YOU ARE HERE: LAT HomeCollectionsParents

Parents with power over L.A. school weigh their options

April 04, 2013|By Howard Blume
  • Erica Valente, lower right, and other parents on Thursday attended a presentation to help them decide who should run 24th Street Elementary School.
Erica Valente, lower right, and other parents on Thursday attended a presentation… (Gary Friedman / Los Angeles…)

About 50 parents on Thursday attended a presentation to help them decide who should run 24th Street Elementary School, a campus whose fate is in the hands of families who are trying to change the management of the school under the controversial parent trigger law.

Because more than 50% of the school's parents signed the petition, they won the power to force the change of their choice at the persistently low-performing school. Their options included replacing the entire staff and turning the Jefferson Park campus over to an independent operator outside the direct control of the L.A. Unified School District.

The favored option that emerged this week was a hybrid plan. A committee of parent leaders recommended that L.A. Unified manage instruction for students through fourth grade. Then, Crown Preparatory Academy, a charter school, would handle grades five through eight.

The 108-year-old school currently enrolls students in kindergarten through fifth grade. Crown Prep already operates on campus, using surplus space for its three-year-old middle school. Charters are independently managed and exempt from some rules that govern traditional schools.

"Crown is actually high-performing and the district was covering all our necessities,” parent Alicia Mendez said in Spanish, explaining the advantages of a collaboration. Parents asked the district and the charter school to work together on a combined bid.

“We worried that it was difficult mixing water and oil, but it happened," she said.

Parents who signed the petition will vote next Tuesday. Their selection is binding on L.A. Unified. The election will be managed by Parent Revolution, a locally based organization that has lobbied nationwide to give parents the power to force aggressive changes at low-performing schools.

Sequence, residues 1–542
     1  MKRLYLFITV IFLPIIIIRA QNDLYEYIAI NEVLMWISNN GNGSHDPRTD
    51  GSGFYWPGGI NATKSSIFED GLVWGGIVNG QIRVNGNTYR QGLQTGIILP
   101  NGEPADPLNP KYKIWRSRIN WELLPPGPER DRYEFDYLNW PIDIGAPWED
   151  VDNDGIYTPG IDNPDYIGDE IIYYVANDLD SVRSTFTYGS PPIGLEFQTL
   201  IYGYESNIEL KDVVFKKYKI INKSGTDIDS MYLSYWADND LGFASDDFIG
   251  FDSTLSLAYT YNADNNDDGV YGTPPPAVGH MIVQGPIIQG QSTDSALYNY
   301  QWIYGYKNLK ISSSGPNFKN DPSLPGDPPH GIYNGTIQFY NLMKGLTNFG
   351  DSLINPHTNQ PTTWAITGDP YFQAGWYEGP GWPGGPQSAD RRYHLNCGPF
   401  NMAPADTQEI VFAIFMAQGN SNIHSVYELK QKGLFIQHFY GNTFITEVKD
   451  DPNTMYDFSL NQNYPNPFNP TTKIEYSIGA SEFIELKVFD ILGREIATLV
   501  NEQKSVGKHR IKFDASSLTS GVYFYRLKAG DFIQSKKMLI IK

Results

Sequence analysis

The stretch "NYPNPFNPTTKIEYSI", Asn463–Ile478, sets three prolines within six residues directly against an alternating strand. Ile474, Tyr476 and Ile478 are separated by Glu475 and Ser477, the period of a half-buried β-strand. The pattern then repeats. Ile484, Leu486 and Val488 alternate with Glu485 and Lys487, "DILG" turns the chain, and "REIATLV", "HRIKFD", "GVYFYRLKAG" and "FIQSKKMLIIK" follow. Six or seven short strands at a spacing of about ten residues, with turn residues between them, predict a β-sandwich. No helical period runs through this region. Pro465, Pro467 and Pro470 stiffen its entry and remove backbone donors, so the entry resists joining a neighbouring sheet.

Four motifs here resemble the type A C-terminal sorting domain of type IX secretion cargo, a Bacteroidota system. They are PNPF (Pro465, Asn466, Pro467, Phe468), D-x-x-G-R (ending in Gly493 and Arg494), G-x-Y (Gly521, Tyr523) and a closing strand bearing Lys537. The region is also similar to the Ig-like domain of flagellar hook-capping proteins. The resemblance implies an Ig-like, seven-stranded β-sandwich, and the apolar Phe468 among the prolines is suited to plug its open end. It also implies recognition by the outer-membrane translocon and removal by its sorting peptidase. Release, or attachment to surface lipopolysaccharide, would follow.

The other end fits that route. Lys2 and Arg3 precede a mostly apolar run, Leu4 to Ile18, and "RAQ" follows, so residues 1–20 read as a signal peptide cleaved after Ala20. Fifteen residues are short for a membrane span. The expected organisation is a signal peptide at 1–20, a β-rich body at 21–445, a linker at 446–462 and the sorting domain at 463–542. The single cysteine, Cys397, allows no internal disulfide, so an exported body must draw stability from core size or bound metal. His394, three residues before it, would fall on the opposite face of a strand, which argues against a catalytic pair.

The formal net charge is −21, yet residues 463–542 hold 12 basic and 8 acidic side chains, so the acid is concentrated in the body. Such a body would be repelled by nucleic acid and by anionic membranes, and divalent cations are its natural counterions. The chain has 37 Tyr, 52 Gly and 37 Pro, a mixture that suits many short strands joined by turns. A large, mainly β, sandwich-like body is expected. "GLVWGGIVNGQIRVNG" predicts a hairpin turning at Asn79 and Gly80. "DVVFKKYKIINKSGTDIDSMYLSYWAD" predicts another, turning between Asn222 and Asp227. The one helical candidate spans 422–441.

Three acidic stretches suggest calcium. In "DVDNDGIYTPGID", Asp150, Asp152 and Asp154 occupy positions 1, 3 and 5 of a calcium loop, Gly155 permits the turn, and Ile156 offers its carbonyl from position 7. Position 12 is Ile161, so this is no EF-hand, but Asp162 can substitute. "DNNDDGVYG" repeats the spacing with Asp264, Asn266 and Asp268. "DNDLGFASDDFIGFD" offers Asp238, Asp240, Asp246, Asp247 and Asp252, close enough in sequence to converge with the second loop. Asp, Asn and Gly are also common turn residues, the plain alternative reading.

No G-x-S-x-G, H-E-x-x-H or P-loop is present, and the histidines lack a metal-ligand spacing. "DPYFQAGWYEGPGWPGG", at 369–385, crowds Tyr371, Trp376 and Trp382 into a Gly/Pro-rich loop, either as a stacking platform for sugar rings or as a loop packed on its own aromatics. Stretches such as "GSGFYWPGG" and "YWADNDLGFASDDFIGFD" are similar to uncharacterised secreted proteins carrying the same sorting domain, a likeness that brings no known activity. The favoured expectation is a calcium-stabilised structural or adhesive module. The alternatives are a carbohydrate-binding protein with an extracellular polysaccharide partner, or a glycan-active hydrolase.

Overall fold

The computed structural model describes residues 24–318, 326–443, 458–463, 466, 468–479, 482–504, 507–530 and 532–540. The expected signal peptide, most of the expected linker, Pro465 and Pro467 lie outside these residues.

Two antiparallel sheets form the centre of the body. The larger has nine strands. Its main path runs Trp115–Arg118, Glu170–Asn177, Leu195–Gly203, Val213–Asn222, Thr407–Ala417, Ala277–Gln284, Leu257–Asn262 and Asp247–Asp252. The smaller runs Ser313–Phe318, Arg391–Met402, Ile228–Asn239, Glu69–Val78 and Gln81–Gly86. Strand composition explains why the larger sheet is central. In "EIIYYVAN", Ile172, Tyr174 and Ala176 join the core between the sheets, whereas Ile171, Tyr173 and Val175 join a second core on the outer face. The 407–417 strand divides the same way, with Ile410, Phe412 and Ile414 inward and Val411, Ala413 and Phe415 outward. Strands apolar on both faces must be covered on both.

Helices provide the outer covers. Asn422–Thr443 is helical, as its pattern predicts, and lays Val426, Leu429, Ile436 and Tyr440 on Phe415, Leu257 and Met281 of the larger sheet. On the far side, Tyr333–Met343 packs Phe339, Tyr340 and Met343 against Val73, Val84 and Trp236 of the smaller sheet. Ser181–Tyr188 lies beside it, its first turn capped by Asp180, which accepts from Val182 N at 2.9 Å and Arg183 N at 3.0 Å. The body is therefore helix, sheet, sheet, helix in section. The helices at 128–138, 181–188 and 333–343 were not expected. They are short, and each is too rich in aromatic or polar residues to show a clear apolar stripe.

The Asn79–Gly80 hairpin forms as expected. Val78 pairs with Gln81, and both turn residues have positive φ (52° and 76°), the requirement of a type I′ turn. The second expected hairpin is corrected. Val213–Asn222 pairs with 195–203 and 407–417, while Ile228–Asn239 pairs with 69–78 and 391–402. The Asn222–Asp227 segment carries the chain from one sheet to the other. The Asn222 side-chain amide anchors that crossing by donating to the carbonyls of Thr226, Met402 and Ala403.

Parents will have four choices on their ballots: the partnership between L.A. Unified and Crown, the option of letting the district or Crown operate alone, or a proposal from another local charter, Academia Moderna.

Parent leader Amabilia Villeda said a strength of including the district was its commitment to maintain a pre-kindergarten for 4-year-olds and to restore a preschool program for children younger than 4. The review committee also had some concerns about whether Crown Prep was fully prepared to manage the lower grades.

L.A. Unified also pledged to make all current staff reapply for their jobs and to include parents on a hiring committee, organizers said.

The fate of teachers at a parent-trigger school has become a concern of instructors and their union, United Teachers Los Angeles.

The filing of a second parent petition this week, at Weigand Avenue Elementary in Watts, prompted teachers there to call a community meeting for Thursday afternoon.  At the meeting, attended by about 100 parents and students, faculty members asserted that their school has made strong progress recently and has a high-quality plan for moving forward.

If the petition is validated, the parents who signed it and they alone will suddenly have control over whether the current faculty’s efforts will continue.

At the park near 24th Street, Villeda encouraged parents to do their homework and vote their conscience.

"For those of you that are not happy with the joint proposal," Villeda told parents in Spanish. "Don’t vote for anything you don't believe…You have the right to vote for the district or Crown alone” or the other charter.

The informal meeting, at a park near the school, had a festive quality. Toddlers munched on crackers, parents chatted happily with each other. Some tried out the park's outdoor exercise equipment. Parent leaders and staff from Parent Revolution performed a skit recounting the history of the organizing effort. Their props included a cardboard microphone, bright red plastic hats for the parents, and dolls to represent bidders competing for the school. The district was represented by a crowned prince in royal blue.

Participants also wore rings with oversized pasted gem stones -- with a sober underlying message.

"The analogy is that the applicants were courting the school and the parents wanted to be careful about who they were considering," said Christina Vargas, policy director for Parent Revolution. "The choice is very serious."


Ex-University of San Diego basketball coach sentenced for bribery

Mother accused of drowning two daughters commits suicide in jail

Sex offender says being student body president helps him 'move on' 

Twitter: @howardblume | email

Los Angeles Times Articles